LEAPS are better suited to increase your return by putting the bulk of your money in the stock or index and using a small portion in LEAPS contracts.
- $5,000 total investment
- 72 shares of stock at $50 = $3,600 + 2 LEAPS contracts for $1,400
- At $60/ share you can see the LEAP begins to magnify your return = 26.4% vs. a stock only return of 20%. And it takes off from there.
- At $75/ share the return jumps to 108% vs. the stock only return of 50%
With this strategy you will take on a risk of $1400 should the LEAPS expire worthless. This is due to the premium you pay up front. The risk however also gives you the opportunity for a much greater gain.
Use a mixture of buying the stock in conjunction with LEAPS. With this, you can limit the super risky side of LEAPS alone while also receiving the benefits of increasing your gains when you are right.
Active traders can benefit from LEAPS as well. LEAPS contracts might be used by traders who would like to take longer-term positions in some of the stocks they currently trade on a short-term basis.
LEAPS can also be used in advanced options strategies such as calendar spreads, bull call spreads, and collars.
Besides the traditional speculative options trading, LEAPS can be an effective tool for hedging. As a long term investor, you can buy LEAPS puts to hedge against a long position.
Buying puts can help you hedge against a decline in the stock or index over time. You may be long a stock that has appreciated in value, but are worried about a decline in the short term. Of course you don’t know when it will happen, so you don’t want to sell the stock and miss any potential appreciation in the meantime. With this in mind, you can buy LEAPS puts as a hedge against a potential price decline.
With LEAPS you don’t have to be precise with the timing of the downturn because of the long time frames it offers. Short-term options however create a need to be more precise with your timing.
The purchased put essentially locks in some of the unrealized profit, less the cost of the option.
Suppose you purchased 500 shares of XYZ at $10 per share. Several months later the stock is trading at $30 per share.
You still want to own the stock long term. However you are concerned about a decline in the next year or two. Consider LEAPS puts to lock in the gains.
This could be done, for instance, by purchasing 5 XYZ one year $30 strike price LEAPS at $3.6 for a total of $1800 (3.6 x 100 = 360 per contract x 5 contracts =$1800)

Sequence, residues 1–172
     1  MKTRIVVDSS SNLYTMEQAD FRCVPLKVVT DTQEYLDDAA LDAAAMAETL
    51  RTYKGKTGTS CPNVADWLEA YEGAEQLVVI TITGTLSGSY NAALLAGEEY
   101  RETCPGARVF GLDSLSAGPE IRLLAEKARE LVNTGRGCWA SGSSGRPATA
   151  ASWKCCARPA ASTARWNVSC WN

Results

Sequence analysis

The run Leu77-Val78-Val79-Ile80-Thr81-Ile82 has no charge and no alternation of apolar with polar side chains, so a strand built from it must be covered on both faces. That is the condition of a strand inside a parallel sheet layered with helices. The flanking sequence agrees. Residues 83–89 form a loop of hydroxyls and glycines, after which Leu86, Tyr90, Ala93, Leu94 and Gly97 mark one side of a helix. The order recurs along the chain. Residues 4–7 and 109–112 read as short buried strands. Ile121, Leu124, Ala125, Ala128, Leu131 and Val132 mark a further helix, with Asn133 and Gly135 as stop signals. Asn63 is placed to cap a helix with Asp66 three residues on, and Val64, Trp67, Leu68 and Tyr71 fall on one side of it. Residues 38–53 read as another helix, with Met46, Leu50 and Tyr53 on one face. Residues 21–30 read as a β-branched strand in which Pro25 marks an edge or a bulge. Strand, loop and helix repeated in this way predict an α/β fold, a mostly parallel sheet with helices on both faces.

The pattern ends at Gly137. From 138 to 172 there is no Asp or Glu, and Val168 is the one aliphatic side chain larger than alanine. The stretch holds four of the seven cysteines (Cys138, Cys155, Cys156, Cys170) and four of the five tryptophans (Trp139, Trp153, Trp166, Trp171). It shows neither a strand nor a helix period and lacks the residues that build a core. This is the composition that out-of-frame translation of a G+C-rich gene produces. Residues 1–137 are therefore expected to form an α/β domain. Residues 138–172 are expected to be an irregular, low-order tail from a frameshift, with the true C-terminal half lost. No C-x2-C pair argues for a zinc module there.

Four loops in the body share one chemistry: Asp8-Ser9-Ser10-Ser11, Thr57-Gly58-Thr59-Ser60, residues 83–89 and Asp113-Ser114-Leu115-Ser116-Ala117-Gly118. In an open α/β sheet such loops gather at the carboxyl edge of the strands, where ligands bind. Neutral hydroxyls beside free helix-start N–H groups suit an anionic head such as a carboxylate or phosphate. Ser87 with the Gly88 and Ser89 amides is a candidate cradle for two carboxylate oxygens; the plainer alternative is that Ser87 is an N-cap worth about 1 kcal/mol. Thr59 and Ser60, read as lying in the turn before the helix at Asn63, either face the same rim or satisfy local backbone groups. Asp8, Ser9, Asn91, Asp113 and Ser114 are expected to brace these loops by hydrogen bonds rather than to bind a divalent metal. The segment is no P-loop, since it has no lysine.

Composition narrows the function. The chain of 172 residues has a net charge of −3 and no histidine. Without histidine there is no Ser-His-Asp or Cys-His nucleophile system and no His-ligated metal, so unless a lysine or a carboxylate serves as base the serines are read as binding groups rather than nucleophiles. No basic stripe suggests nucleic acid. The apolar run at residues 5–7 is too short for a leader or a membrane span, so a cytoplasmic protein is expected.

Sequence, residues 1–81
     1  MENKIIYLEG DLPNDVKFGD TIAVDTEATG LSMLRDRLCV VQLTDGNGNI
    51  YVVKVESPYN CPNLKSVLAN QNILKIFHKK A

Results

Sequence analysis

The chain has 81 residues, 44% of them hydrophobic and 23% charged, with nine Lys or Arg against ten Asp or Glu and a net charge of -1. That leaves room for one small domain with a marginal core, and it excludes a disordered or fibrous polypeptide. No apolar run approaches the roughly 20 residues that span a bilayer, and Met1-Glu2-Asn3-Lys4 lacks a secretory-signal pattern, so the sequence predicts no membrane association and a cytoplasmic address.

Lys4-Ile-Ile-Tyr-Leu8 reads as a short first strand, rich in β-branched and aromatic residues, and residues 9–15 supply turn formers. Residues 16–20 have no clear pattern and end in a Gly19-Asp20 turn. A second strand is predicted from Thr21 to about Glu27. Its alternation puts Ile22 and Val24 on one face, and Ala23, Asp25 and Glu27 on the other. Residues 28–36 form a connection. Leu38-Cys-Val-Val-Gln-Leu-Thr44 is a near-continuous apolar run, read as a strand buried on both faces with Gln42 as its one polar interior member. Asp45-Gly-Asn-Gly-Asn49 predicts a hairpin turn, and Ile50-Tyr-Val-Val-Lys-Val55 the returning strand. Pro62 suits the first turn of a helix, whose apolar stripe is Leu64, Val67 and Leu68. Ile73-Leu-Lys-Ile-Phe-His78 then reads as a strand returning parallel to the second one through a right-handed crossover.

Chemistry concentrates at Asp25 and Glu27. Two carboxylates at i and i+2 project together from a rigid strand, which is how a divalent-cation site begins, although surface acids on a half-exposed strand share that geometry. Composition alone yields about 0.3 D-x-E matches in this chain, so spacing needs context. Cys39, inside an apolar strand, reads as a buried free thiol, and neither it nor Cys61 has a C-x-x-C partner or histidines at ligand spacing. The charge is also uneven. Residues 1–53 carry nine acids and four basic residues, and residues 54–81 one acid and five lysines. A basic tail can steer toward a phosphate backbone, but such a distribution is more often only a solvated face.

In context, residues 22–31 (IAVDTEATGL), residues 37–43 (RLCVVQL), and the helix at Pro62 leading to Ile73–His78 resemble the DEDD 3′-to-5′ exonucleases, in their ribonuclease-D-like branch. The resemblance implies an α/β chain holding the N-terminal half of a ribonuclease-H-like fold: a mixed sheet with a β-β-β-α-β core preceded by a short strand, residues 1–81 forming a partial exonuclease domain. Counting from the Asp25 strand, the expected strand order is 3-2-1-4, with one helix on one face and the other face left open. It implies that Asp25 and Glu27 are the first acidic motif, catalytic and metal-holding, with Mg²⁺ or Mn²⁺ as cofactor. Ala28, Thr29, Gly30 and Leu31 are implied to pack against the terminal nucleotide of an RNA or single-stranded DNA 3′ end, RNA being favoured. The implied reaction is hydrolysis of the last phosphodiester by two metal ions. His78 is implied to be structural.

If the stock were to rise to $50, the put would expire worthless, resulting in a loss on the LEAPS contracts of $1,800 (the cost of the option). The total profit however would be $18,200 ($20,000 from the sale at $50 – the $1,800 option premium).
If the stock had gone down to $20, you would be able to sell at $30 for a profit of $8,200 ($10,000 from the sale at $30 – $1,800 premium). Whereas if you didn’t have the LEAPS contracts, you would be selling at $20 for a profit of $5,000.
The $1800 premium let you lock in profit at the same time as allowing you to continue to profit from increases in the stock price. And protect you from a major sell off.
Risks and Dangers of Using LEAPS
- Forfeit shareholder benefits such as dividends and voting rights
- Due to the high premium paid, it takes longer for the LEAPS contracts to break even when compared to the underlying stock
- Impulse to take a high-risk gamble by buying options with very low odds of hitting the strike price
- Impulse to over leverage creating higher odds of blowing out your account
LEAPS are a type of options contract with expiration dates longer than one year. The main benefits of a LEAPS option are:
- The ability to use less capital when compared to owing the actual stock.
- You can use a longer time frame allowing you to not worry about the short-term volatility of the trade.
- Hedge risk in a trade over a longer time frame.
However, using LEAPS doesn’t make sense for most investors when looking at it as a stand alone all-in trade. For the average investor, they are best used as hedges. As well as trading them in conjunction with the owning the underlying asset to magnify your return.
When trading or investing using LEAPS, only use them with great caution if you have the training and experience. Before getting involved take time to gain the knowledge and properly assess the risks.